by Paul Bowers
The Charleston Police Department has applied for a nearly $500,000 grant from the Department of Justice to cover the cost of implementing a predictive policing program. The computer-assisted policing suite, sold by IBM, uses historic crime data to create probability models that can help predict where crimes will occur.
The department announced in June 2012 that it would be launching a pilot program to test the efficacy of IBM's Crime Prediction and Prevention software, specifically focusing on how well it could predict a single type of crime, armed robberies. "All across the country, if you've heard about predictive policing, that's the new model of policing," Police Chief Greg Mullen said at the time. "They're actually starting to look at data and trying to not just react to crime and where it's happening, but actually take a lot of different types of information and predict in the future where that crime might occur ... to be preventive instead of reactive."
For the trial run, the department put three years' worth of geographical data on armed robberies into the system and then spent three months looking at how well the program's predictions matched up with reality. "What we wanted to do is see if it actually worked first," Mullen says. "You wouldn't want to invest all that money in something that you're not sure whether it's going to give you a benefit."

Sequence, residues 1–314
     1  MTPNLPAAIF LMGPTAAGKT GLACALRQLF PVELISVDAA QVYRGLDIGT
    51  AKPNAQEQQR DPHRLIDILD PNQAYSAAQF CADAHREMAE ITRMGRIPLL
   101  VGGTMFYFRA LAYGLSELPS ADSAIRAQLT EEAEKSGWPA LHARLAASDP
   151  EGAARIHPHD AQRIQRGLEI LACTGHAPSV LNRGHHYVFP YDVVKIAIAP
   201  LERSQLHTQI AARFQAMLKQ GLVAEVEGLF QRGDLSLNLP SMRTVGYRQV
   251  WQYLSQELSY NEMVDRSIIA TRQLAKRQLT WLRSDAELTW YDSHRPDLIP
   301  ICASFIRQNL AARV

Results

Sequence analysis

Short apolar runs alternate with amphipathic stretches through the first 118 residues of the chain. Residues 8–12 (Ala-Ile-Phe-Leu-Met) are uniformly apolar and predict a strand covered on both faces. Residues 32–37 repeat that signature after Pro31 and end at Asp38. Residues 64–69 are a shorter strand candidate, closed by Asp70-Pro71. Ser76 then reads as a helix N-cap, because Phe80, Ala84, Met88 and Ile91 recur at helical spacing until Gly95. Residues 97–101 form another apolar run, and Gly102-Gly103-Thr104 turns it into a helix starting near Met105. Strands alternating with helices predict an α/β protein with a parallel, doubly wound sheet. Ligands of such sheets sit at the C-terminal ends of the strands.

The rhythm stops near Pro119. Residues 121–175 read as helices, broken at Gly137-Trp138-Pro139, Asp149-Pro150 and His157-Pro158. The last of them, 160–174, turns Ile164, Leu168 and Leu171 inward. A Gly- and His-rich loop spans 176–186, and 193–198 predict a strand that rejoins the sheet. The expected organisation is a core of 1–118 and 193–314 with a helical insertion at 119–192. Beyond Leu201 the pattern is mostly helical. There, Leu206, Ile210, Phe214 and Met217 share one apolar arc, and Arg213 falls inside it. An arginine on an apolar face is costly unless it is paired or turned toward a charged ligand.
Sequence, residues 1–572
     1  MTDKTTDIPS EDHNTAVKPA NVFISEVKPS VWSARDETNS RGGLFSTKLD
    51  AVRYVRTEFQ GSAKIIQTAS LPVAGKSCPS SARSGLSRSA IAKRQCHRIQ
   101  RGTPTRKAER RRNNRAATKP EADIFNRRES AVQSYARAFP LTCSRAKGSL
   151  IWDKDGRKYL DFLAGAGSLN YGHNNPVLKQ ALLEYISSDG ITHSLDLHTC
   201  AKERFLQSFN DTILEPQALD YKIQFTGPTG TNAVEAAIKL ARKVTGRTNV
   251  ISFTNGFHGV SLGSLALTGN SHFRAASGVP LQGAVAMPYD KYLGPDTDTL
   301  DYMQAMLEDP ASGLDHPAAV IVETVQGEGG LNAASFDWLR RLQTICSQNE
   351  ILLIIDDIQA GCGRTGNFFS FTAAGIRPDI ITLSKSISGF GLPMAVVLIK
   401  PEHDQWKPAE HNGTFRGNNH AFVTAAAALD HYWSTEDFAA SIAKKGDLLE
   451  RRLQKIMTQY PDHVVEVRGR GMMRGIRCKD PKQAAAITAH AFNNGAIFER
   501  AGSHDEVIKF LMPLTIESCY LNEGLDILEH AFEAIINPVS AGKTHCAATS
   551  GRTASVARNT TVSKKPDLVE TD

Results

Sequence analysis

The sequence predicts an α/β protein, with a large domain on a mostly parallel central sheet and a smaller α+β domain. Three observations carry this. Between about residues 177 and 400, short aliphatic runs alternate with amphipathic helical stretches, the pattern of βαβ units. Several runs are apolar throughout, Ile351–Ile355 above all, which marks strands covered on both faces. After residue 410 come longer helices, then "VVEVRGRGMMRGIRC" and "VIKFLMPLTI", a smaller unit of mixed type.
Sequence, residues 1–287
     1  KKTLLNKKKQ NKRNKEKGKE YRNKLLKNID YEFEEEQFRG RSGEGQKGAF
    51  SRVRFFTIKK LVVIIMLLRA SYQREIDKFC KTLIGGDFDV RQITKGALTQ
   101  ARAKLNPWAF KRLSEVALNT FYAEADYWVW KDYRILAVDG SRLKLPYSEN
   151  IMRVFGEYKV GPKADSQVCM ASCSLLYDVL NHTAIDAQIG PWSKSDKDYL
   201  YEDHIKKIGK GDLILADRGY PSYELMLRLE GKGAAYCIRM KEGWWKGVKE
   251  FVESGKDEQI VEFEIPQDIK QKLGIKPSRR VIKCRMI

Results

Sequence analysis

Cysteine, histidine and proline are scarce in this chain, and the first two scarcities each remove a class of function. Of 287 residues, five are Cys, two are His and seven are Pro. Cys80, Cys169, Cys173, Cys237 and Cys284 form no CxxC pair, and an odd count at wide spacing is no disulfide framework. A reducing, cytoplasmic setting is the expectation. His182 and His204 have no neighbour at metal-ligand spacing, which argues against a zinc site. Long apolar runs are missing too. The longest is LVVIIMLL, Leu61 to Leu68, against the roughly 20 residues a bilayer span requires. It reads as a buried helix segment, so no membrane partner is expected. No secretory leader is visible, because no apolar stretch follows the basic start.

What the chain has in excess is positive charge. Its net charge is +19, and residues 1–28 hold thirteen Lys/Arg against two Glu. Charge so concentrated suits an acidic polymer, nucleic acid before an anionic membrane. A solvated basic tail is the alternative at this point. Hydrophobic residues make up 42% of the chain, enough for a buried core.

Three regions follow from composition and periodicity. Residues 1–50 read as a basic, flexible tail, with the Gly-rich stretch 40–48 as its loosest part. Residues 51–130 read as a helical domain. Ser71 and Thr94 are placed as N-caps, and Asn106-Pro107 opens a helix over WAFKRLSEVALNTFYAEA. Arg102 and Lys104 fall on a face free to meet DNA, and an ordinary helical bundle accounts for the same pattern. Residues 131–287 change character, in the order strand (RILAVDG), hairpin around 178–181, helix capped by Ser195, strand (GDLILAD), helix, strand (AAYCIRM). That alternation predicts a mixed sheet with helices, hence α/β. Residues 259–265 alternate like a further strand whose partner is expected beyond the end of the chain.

The results? "The accuracy rate was very good in terms of where the models said the robberies would take place and where the robberies actually took place," Mullen says.
The department has put in an application for a $499,188 nonrecurring grant from the Department of Justice, and Mullen says he expects to hear an answer from the DOJ by the end of October. Police spokesman Charles Francis says the grant would cover initial setup and support of the software "for the first several years." After the initial grant runs out, Francis says the department would have to find funding to continue the program. Francis was not able to provide an estimate for future costs of the program.
Francis says the program would initially be used to predict armed robberies, but he adds, "Once it's up and running, we can venture out to other crimes."
IBM's predictive policing suite, which has earned some (not quite accurate) comparisons to the psychic crime-forecasting dystopia of Minority Report, has also raised some concerns with justice scholars and civil liberties groups including the American Civil Liberties Union of South Carolina. In a City Paper cover story on the topic last year, S.C. ACLU President Victoria Middleton said, "It can create problems in the targeted communities when trust is eroded. That would definitely be counterproductive if the goal is to reduce and prevent and solve crimes."